Being a preserve, Mojave National Preserve lacks a few of the facilities you would find in Joshua Tree or Death Valley, but this absence creates the opportunity for a more intimate visit with the desert.
For the traditionalists (those who like camping near a bathroom), Mojave National Preserve has a couple standard campgrounds. For more adventurous campers, Mojave offers a unique experience akin to wilderness car camping. Roadside camping is permitted in areas that are “traditionally used for this purpose” which means, if you turn down a dirt road and see a fire ring and a spot to put up a tent, you can camp there! This option offers you immediate access to your vehicle while you enjoy the seclusion of wilderness camping. A large roadside camping area is located near the Kelso Dunes, and perhaps hundreds of other single sites are spread throughout Mojave National Preserve’s 1.6 million acres.
These “sites” are both listed and unlisted so ask a ranger for recommendations. All roadside camping is free. The map below show the location of the maintained campgrounds and also a few of the roadside camping options.
Campgrounds in Mojave National Preserve
Hole-in-the-Wall Campground | 37 sites | first-come first-serve | $12 per night | potable water, picnic tables, fire rings, and pit toilets | elevation 4,400 feet
Mid Hills Campground | 26 sites | first-come first-serve | $12 per night | potable water, picnic tables, fire rings, and pit toilets | elevation 5,600 feet
Providence Mountains State Recreation Area | 6 sites | first-come first-serve | $12 per night | potable water, picnic tables, fire rings, and flush toilets | elevation 4,300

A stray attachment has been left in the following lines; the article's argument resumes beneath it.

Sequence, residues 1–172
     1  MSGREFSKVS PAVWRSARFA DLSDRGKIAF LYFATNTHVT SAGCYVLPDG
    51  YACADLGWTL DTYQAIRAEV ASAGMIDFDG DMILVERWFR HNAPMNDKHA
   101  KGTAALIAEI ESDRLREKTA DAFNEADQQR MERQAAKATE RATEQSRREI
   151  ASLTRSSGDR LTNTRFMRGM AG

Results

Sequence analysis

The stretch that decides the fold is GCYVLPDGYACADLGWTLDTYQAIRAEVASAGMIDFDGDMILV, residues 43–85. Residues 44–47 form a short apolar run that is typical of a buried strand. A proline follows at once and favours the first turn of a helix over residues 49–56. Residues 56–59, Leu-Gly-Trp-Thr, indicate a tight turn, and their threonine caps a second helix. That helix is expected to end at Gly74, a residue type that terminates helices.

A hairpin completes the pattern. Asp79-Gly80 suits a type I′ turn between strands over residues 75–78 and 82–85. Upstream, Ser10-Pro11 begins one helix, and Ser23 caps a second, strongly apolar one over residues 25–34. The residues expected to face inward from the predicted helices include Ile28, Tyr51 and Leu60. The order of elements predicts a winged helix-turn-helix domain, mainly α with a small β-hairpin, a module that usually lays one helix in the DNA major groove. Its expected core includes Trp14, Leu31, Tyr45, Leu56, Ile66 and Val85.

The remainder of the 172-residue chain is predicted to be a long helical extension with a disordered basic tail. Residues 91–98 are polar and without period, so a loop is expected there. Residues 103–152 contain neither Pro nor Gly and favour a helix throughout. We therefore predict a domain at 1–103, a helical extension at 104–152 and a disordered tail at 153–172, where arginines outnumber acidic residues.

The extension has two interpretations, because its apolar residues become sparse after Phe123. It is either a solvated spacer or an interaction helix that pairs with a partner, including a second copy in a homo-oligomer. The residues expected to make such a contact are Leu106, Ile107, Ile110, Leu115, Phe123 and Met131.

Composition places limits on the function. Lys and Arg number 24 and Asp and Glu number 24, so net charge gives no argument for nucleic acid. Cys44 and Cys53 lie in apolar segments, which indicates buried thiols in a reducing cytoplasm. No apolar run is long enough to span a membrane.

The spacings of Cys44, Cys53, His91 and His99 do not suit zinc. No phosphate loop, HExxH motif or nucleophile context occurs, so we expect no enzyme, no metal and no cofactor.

The location of each campground can be viewed on the map below:
Or view California Desert trails and campgrounds in a larger map
Hikes in Mojave National Preserve
This out and back hike crosses the world's densest Joshua tree forest, passing an abandoned silver mine to reach a rocky summit with views of Cima Dome.
|3.4 - 4 miles|
|390||New York Peak|
This out and back hike summits the highest point of the New York Range in the northeast corner of the preserve.
|7 - 9 miles|
This short out and back hike drops underground into an old lava tube lit by holes in the surface.
|410||Petroglyphs near Seventeen Mile Point|
This faint path visits ancient engravings in the volcanic rock at the western rim of the cinder fields just off Kelbaker Road.
|417||Rock Spring Loop Trail|
This loop visits a rare desert spring, a Rock House built in the 1920s, a miners' mill site, and an old U.S. Army post on a short and scenic circuit.
|420||Hole-in-the-Wall Rings Trail|
This loop takes visitors through a landscape of pocketed rocks. Ringbolts allow fun passage through narrow canyons.
|0.5 - 1.5 miles|
This off trail trek summits a peak with commanding views over the Providence Mountains.
This out and back hike climbs the highest point in this 45 square mile dune field.
This out and back hike summits a 6,365-foot peak in the Granite Mountains.
This out and back hike travels up and into a volcanic crater near Mojave National Preserve.
|Death Valley National Park|
Nine campgrounds are spread throughout this large park to facilitate your visit.
|Joshua Tree National Park|
Nine campgrounds with 500 total sites facilitate your visit to the park.
|Anza-Borrego Desert State Park|
The biggest state park in California has four developed campgrounds, eight primitive campgrounds, and as much roadside camping as you could ever want.
Our adventure through the Mojave National Preserve was very much a success and gawd knows that both Jo and I needed to get out of the house real bad lol. I never imagined to be witness to such beauty as the one lava tube provided! We both felt like kids on the old Tom Sawyer Island caves they used to have at Disneyland – only this was very real and very ancient. I am definitely looking forward to coming back here for more shoots including getting additional footage for my side project, Treasures of the Mojave Desert.
[…] For more hikes and camping info check out this post from Hikespeak.com […]
what is the temperature in January?
What’s the best time of year to visit? Not to cold or not to hot? Also are dogs allowed?